Cost Implications of Oral Contrast Administration in the Emergency Department: A Time-Driven Activity-Based Costing Analysis.
J Am Coll Radiol. 2019 Jan;16(1):30-38. doi: 10.1016/j.jacr.2018.07.021. Epub 2018 Aug 26.
Shankar PR1, Parikh KR2, Heilbrun ME3, Sweeney BM4, Flake AN4, Herbstman EA4, Hoffman TJ4, Havey R5, Kronick S5, Davenport MS2.
PURPOSE: To quantify the monetary and time costs associated with oral contrast administration in the emergency department (ED) for patients with nontraumatic abdominal pain and to evaluate the cost savings associated with an institutional policy change in the criteria for oral contrast administration.
METHODS: A HIPAA-complaint, institutional review board-approved time-driven activity-based costing analysis was performed using both prospective time studies and retrospective data obtained from a quaternary care center. Retrospective data spanned a 1-year period (January 1, 2016, to December 31, 2016). A process map was generated. Examination volume-related data, labor costs, and material costs were determined and applied to a base-case model. Univariate and multivariate sensitivity analyses were conducted. Multivariate analysis was used to estimate the cost savings associated with a policy change eliminating oral contrast for patients with body mass index ≥ 25 kg/m2, no prior abdominal surgery within 30 days preceding CT, and no inflammatory bowel disease.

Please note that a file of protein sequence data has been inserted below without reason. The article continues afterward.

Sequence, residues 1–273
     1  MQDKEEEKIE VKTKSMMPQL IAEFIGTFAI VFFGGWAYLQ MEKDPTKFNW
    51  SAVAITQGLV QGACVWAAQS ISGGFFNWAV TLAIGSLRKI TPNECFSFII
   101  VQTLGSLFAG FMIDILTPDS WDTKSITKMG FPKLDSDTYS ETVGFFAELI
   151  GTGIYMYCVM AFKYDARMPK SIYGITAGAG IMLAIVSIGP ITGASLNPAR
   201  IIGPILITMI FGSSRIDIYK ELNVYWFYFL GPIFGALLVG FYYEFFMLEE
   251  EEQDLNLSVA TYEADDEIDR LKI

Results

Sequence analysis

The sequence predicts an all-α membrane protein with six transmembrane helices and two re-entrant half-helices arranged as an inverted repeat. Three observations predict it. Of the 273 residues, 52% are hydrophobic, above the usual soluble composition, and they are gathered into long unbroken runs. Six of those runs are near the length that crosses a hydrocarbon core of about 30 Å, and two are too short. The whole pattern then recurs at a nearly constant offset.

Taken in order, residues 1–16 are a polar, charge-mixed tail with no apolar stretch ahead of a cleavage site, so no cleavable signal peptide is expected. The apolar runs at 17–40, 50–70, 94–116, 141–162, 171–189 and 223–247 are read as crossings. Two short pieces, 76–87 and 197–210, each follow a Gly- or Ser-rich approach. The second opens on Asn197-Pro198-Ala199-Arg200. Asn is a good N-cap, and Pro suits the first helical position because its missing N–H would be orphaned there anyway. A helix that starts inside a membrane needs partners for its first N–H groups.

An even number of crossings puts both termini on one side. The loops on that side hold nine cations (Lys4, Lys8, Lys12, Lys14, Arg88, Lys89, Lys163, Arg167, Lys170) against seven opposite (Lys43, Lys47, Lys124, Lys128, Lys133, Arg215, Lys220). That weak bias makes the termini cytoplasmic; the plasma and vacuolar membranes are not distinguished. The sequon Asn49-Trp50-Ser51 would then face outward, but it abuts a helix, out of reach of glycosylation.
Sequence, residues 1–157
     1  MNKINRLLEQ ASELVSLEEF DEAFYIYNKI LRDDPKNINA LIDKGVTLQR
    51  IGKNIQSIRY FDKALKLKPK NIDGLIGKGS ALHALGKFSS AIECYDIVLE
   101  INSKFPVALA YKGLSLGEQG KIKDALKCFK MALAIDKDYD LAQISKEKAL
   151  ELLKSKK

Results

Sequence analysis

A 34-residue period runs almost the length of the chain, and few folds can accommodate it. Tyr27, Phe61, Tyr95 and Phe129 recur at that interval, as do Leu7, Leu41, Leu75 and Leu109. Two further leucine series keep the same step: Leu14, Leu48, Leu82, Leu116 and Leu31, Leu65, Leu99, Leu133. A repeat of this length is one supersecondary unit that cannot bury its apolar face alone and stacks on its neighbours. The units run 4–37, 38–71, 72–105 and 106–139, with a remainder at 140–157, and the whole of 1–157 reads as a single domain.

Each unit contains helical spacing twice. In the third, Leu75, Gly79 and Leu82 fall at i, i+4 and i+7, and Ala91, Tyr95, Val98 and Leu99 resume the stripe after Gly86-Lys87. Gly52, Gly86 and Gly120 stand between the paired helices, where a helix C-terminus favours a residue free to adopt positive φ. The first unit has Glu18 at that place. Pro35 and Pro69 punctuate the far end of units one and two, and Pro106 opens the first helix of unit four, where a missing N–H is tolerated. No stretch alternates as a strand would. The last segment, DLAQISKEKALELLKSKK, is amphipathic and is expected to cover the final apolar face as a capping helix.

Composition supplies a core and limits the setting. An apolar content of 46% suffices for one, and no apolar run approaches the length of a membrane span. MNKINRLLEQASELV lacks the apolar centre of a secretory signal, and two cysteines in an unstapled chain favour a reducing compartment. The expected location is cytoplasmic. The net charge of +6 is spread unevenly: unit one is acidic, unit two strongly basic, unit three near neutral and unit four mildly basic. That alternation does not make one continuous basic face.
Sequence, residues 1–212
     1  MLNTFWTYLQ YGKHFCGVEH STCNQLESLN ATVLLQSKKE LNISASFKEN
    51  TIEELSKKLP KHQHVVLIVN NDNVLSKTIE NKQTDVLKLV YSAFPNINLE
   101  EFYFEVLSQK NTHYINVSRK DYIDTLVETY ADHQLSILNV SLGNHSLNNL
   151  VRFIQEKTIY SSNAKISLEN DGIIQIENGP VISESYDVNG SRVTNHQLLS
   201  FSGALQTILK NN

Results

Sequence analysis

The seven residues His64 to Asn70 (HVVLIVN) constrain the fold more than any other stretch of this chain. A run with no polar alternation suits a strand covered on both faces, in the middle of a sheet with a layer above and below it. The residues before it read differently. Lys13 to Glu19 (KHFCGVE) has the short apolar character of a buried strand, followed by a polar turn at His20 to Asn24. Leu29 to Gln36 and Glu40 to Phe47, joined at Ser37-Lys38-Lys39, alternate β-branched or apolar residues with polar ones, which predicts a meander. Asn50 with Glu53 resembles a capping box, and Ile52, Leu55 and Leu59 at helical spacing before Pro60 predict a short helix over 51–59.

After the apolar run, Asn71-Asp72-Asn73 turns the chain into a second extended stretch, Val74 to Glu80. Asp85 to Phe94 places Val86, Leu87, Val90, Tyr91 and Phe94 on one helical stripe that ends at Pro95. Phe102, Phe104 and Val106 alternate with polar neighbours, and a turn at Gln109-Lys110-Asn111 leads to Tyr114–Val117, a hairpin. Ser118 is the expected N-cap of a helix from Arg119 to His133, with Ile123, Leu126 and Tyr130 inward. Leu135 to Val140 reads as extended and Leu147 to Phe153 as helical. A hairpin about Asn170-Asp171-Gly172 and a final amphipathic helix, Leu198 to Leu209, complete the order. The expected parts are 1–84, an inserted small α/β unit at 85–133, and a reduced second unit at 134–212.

RESULTS: The baseline oral contrast utilization rate was 86% (4,541 of 5,263). The annual base-case cost estimate for oral contrast administration was $82,552. In multivariate analyses, this ranged from $13,685 to $315,393. The model was most sensitive to the volume of CTs requiring oral contrast. Applying parameters from the new policy change reduced the annual cost by 52% (cost saving: $35,836.57). Impact of oral contrast on time to discharge was highly variable and dependent on the contrast agent utilized.
CONCLUSION: Costs associated with oral contrast in the ED are modest and should be balanced with its potential diagnostic benefits. Our criteria reduced oral contrast utilization by 52%.